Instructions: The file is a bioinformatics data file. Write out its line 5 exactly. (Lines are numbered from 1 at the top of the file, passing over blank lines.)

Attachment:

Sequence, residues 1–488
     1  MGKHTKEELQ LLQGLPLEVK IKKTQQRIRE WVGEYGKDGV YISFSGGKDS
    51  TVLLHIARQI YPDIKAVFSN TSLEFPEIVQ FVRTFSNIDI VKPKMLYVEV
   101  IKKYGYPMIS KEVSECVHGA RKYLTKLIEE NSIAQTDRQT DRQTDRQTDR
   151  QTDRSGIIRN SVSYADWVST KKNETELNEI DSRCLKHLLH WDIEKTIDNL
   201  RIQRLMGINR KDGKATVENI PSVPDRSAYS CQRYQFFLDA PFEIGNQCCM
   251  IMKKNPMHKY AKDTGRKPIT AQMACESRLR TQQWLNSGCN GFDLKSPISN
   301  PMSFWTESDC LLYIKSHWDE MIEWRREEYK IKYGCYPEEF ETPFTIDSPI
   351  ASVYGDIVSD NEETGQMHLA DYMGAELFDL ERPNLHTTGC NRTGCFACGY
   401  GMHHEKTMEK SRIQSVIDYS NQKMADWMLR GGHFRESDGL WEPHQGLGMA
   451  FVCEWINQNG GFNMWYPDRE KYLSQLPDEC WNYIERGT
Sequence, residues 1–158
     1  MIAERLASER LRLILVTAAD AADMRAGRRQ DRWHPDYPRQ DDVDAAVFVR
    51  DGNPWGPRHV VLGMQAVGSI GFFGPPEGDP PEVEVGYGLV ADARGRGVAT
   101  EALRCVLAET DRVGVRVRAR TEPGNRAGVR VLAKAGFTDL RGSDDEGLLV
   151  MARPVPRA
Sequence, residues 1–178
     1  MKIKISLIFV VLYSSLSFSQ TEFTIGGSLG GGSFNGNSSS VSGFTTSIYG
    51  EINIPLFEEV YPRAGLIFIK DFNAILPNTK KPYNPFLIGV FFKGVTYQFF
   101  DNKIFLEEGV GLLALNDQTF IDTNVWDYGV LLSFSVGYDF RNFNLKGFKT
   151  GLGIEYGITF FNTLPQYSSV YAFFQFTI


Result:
   151  QTDRSGIIRN SVSYADWVST KKNETELNEI DSRCLKHLLH WDIEKTIDNL